The debate continues in the UK…should the same maternity rights be awarded to women who become mothers through surrogacy as for women who become mothers naturally or through adoption? Well, I for one can’t think of a single reason why on earth not. Can you?
At the moment a mother through surrogacy is not entitled to any leave – paid or otherwise - until she has a parental order in place. Then she is only entitled to 13 weeks unpaid parental leave. And bear in mind that a parental order can take months to aquire….our twins were nearly a year old when we were granted ours! A mother who adopts or gives birth is entitled to 39 weeks maternity pay and 52 weeks leave – what an enormous and unjust discrepancy.
It’s simply a matter of outdated British law, which in the area of surrogacy desperately needs to be brought up to date. ITV News have highlighted two cases of British mothers through surrogacy who have been frustrated by the lack of equal rights to maternity leave. One, a teacher from Yorkshire, did not realise she had no maternity leave rights until she asked her employer for leave and was denied. A similar case is going throught the European Courts at the moment. I was left no choice but to resign my post rather than enter in to complicated and stressful negotiations and couldn’t agree more with another mother through surrogacy, Shoshanna Berkley, who points out that it seems unfair enough that you can’t carry your own child, then being denied the same maternity leave rights as all other women is ridiculous.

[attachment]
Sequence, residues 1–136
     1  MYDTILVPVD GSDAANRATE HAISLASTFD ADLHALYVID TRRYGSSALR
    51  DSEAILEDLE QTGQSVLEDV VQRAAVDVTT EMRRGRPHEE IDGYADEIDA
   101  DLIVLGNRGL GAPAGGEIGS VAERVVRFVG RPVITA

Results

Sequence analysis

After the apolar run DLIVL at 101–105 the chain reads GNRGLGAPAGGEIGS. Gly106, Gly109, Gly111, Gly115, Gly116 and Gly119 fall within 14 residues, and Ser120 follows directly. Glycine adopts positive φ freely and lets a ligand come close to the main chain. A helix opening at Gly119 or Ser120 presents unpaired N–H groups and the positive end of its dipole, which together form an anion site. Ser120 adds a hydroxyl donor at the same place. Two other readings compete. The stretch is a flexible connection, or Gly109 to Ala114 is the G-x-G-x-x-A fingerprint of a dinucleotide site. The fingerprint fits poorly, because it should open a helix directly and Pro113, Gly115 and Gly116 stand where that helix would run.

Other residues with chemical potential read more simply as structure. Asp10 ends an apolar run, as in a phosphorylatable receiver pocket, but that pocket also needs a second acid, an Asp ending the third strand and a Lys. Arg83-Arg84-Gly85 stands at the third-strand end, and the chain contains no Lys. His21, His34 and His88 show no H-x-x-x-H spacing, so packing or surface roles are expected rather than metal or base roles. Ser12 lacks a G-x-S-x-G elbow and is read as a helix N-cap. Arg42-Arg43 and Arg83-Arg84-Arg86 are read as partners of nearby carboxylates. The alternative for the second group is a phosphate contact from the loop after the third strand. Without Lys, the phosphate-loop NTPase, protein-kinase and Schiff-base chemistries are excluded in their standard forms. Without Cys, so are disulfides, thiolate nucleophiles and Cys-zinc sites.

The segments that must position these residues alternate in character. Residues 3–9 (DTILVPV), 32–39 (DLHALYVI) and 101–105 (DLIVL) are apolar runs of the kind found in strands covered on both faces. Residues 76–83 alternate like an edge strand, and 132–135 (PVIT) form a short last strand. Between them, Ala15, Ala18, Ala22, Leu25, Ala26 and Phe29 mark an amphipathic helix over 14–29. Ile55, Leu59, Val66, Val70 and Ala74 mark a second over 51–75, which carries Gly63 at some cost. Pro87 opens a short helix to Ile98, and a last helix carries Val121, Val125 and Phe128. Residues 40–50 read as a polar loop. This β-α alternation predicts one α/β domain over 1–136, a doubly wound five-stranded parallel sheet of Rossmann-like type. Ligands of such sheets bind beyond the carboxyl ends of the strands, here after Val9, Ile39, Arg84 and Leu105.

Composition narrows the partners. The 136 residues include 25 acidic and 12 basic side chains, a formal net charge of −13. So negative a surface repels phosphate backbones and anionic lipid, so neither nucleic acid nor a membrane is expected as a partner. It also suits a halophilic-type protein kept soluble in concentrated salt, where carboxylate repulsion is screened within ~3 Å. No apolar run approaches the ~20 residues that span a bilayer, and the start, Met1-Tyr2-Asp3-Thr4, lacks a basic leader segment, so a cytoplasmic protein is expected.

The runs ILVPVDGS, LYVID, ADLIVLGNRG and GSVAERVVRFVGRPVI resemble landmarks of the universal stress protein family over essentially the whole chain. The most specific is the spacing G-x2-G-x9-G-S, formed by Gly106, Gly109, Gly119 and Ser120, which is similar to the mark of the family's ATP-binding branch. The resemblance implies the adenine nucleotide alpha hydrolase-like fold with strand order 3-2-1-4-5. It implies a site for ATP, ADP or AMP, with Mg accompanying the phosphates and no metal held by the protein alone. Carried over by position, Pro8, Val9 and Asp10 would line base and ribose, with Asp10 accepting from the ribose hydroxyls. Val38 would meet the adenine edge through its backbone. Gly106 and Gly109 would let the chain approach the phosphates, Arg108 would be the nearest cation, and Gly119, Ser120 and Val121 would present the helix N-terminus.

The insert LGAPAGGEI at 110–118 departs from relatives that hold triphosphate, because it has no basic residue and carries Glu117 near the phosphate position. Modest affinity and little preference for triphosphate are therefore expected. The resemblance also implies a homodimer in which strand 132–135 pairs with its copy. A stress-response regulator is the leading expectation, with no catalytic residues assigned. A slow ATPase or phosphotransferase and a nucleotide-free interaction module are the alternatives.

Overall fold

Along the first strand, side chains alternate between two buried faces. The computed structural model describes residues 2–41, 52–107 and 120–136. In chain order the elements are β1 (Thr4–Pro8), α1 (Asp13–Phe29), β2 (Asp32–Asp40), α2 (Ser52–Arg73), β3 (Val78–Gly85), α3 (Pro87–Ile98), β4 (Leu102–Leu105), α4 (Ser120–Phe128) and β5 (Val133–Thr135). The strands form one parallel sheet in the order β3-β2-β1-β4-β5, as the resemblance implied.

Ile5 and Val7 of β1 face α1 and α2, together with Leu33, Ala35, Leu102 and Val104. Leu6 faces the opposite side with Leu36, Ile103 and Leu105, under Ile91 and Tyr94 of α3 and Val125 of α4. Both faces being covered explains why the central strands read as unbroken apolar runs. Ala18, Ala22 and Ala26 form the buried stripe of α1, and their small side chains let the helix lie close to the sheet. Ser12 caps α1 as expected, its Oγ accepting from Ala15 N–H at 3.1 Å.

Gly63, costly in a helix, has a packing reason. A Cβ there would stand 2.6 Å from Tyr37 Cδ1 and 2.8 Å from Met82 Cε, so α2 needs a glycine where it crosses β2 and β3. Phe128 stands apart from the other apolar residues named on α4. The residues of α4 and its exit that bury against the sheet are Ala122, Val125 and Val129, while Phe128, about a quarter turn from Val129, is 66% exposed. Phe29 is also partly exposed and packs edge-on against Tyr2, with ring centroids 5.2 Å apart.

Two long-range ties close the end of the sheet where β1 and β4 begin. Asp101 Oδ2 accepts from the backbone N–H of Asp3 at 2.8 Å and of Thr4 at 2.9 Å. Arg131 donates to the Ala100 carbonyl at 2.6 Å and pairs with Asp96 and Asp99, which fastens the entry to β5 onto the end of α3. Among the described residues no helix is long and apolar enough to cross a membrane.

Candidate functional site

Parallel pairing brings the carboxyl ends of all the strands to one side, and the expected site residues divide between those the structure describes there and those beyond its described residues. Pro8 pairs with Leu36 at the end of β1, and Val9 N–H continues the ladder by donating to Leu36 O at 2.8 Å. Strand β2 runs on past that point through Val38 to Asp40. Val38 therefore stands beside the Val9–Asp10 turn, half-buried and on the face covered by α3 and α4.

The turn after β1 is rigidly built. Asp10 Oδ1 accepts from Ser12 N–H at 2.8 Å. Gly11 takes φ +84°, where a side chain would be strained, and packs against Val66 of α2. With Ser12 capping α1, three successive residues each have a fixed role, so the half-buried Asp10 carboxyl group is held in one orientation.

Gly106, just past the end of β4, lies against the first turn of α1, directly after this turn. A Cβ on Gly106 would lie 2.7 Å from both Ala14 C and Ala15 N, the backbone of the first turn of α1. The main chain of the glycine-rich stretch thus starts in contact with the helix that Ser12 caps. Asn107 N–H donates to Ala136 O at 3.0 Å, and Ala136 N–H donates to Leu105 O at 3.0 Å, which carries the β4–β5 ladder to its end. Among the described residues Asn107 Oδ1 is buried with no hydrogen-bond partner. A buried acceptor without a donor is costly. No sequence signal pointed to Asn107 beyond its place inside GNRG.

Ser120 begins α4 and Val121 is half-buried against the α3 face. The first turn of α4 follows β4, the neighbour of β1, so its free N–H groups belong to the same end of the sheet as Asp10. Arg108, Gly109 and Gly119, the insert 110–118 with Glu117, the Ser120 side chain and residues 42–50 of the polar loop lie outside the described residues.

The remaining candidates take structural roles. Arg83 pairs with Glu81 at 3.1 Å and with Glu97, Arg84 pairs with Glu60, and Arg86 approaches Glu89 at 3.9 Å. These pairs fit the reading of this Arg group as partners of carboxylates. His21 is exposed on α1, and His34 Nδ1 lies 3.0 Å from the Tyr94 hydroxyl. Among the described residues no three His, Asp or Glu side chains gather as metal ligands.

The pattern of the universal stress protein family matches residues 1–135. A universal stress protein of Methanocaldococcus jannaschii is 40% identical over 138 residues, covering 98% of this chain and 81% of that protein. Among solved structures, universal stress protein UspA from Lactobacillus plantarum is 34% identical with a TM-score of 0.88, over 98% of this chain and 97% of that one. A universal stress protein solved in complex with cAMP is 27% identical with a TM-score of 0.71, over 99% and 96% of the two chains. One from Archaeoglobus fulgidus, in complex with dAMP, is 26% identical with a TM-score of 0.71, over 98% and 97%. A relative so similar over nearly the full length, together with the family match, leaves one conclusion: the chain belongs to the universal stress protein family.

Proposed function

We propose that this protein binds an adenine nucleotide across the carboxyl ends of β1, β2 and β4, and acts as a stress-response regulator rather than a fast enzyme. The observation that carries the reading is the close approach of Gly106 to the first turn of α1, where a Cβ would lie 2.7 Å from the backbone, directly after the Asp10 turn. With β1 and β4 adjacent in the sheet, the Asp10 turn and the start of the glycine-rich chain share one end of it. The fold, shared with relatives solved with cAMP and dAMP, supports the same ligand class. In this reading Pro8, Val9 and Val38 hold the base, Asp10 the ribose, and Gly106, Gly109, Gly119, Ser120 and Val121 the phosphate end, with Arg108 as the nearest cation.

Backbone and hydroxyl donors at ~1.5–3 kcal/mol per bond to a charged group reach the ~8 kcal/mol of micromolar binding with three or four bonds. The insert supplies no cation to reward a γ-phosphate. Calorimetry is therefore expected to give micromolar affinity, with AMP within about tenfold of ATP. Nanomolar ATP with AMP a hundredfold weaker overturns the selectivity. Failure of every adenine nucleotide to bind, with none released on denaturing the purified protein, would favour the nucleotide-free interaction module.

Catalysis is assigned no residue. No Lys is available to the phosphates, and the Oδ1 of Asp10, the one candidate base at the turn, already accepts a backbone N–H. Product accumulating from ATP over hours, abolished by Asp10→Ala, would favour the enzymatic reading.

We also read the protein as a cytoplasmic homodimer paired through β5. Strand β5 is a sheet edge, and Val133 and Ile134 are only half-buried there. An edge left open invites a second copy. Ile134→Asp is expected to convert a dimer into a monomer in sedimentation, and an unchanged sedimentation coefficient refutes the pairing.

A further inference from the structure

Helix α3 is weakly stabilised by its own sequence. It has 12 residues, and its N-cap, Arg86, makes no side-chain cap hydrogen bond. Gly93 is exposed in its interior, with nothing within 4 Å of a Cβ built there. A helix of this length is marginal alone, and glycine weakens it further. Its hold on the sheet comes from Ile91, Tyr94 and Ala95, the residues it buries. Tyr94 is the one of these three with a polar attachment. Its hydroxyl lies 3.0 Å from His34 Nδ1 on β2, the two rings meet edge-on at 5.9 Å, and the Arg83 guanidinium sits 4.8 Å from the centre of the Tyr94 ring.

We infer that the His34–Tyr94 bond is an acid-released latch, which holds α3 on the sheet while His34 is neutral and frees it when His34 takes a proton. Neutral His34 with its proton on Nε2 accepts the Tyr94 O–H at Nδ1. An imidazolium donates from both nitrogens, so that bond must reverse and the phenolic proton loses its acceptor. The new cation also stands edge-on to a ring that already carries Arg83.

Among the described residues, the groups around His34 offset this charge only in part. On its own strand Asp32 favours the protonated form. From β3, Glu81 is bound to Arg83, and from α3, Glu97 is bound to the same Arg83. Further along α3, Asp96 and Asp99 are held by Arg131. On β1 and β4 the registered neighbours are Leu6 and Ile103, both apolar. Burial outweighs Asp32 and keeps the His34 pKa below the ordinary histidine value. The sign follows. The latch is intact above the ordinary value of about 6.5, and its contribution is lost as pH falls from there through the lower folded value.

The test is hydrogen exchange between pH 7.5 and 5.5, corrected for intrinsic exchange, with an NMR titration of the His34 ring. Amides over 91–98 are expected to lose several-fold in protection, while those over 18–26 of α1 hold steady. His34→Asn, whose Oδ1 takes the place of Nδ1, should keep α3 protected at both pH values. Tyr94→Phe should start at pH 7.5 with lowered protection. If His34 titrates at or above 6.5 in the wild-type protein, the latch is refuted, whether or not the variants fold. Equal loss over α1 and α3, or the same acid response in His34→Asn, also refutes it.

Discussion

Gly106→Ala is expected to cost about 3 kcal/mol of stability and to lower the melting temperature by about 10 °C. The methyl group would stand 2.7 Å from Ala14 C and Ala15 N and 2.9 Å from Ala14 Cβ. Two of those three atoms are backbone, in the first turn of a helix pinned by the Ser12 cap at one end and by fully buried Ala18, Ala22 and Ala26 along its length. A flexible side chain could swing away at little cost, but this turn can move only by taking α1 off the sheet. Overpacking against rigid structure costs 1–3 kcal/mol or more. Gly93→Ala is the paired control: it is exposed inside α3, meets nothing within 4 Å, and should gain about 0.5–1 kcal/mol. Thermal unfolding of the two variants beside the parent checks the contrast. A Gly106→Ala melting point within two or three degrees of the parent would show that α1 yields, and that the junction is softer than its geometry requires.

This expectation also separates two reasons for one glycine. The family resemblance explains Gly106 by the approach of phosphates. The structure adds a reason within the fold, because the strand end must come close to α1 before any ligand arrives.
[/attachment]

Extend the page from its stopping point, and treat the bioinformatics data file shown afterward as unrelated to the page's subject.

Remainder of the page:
Now MP John Healy, former Shadow Health Secretary, is calling for a bill to bring maternity leave and pay rights in to line for mothers through surrogacy. I hope this gains momentum soon, as surrogate babies in the UK are growing in numbers and their mums deserve to access the same benefits as any other British mother.